Carmichael filed a complaint with the Court of Federal Claims, asserting, among other things, that he was wrongfully discharged, and that the Navy erroneously listed his discharge as “voluntary.” The Court of Federal Claims granted the government's motion to dismiss Carmichael's complaint for lack of jurisdiction because it found that he did not rebut the presumption that his discharge was voluntary. It found that Carmichael did not demonstrate any coercive or wrongful action by the Navy concerning his request to change his MPIN because the correct person (the Deputy CNP under the authority of the CNP) ultimately made the decision as to Carmichael's request under the proper law (Executive Order 9397, Secretary of the Navy Notice 1070 and Naval Military Personnel Manual article 4610100). On this basis, the court stated that whether or not Carmichael's letter was a religious accommodation request did not affect the disposition of the case. The trial court also found that Carmichael had alternative courses of action to being discharged, as he could have waited to resubmit his request to the Navy when and if the Social Security Administration acted on his request to that agency. Finally, the court stated that Carmichael did not address the question of whether he involuntarily accepted the government's terms of discharge.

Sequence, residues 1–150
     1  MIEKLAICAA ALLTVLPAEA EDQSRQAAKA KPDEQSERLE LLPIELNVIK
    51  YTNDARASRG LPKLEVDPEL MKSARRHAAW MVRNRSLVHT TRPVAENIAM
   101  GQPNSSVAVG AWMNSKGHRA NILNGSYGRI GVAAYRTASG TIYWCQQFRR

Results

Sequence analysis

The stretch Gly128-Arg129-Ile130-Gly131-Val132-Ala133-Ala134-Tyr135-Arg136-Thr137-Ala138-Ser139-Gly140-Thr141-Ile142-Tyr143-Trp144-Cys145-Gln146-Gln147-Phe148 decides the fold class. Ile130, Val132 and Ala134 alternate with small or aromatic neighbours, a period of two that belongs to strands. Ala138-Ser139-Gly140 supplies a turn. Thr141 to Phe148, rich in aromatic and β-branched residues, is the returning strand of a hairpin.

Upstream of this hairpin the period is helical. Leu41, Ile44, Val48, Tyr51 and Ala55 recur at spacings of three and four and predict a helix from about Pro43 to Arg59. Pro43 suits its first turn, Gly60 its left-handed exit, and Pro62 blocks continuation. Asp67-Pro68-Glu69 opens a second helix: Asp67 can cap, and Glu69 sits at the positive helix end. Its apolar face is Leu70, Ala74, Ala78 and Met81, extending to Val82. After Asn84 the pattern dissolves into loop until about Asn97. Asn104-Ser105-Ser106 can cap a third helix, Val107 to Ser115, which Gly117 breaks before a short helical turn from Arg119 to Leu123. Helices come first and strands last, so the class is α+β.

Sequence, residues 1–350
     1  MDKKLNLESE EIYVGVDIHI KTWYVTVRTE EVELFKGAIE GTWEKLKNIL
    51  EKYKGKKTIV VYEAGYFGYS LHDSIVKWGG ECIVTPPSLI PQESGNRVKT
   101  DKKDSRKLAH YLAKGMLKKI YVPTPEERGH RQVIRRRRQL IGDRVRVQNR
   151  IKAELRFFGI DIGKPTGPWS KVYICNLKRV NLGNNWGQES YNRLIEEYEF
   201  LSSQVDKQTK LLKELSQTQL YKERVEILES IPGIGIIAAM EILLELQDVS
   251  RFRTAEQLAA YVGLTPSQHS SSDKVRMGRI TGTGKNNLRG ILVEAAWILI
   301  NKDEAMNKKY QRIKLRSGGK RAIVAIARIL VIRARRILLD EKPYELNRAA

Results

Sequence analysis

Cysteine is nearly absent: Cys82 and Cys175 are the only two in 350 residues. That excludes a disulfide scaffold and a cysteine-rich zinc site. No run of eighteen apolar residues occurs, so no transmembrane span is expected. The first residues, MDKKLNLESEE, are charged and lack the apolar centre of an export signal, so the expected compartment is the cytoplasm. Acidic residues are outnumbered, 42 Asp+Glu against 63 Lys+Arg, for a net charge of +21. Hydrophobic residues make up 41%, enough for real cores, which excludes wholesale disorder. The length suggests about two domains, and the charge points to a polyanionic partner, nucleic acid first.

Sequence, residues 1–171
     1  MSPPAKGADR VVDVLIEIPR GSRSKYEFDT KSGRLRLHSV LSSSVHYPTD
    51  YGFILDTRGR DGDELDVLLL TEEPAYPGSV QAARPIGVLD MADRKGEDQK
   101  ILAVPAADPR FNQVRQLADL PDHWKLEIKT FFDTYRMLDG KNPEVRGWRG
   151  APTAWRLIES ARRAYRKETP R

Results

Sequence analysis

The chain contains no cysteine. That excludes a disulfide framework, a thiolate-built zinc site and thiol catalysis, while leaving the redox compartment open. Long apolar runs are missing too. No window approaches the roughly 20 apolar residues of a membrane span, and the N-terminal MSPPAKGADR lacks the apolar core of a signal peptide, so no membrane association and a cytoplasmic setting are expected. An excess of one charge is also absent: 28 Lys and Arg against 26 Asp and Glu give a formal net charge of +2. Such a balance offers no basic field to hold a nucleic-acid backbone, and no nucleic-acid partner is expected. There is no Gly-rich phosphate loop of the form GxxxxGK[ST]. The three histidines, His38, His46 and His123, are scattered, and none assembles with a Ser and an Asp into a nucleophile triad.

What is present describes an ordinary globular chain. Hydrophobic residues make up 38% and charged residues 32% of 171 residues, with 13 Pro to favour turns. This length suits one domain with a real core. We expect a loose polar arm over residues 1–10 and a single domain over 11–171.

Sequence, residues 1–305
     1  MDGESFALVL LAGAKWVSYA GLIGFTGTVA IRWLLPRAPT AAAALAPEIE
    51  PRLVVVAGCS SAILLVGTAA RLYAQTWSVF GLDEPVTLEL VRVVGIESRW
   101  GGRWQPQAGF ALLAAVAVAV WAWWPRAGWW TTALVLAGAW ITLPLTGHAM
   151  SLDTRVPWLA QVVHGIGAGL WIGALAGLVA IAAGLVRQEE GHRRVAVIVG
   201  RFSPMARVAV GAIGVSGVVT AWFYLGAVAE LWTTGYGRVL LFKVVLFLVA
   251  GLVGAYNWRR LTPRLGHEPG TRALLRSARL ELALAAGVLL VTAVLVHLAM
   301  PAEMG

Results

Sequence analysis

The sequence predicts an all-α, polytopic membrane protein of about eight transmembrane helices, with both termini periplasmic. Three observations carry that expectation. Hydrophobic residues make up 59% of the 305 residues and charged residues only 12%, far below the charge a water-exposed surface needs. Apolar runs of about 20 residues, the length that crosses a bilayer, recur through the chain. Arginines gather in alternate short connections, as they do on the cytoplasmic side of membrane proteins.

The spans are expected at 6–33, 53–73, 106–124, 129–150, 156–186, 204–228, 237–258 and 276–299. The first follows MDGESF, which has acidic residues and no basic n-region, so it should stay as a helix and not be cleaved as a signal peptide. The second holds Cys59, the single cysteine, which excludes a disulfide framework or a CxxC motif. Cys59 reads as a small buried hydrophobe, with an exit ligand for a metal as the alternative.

A trial court's ruling on its own jurisdiction is a question of law which we review de novo. See Moyer v. United States, 190 F.3d 1314, 1317-18 (Fed.Cir.1999). If a discharge from service is voluntary, then the Court of Federal Claims lacks jurisdiction to review the discharge or any back pay damages claims. See id.; Tippett v. United States, 185 F.3d 1250, 1255 (Fed.Cir.1999); Sammt v. United States, 780 F.2d 31, 33 (Fed.Cir.1985).
A presumption of voluntariness generally exists where an employee tenders his resignation or retires; the plaintiff bears the burden of coming forward with evidence to demonstrate that his resignation or retirement was not voluntary. Tippett, 185 F.3d at 1255; Christie v. United States, 207 Ct.Cl. 333, 518 F.2d 584, 587 (Ct.Cl.1975). This presumption of voluntariness logically should extend to a military service member's honorable discharge upon the expiration of the terms of his enlistment where the member refuses to execute an authorized re-enlistment contract. Cf. Tippett, 185 F.3d at 1255 (applying presumption of voluntariness to a service member's request for discharge). The trial court therefore correctly presumed that Carmichael's discharge from service was voluntary.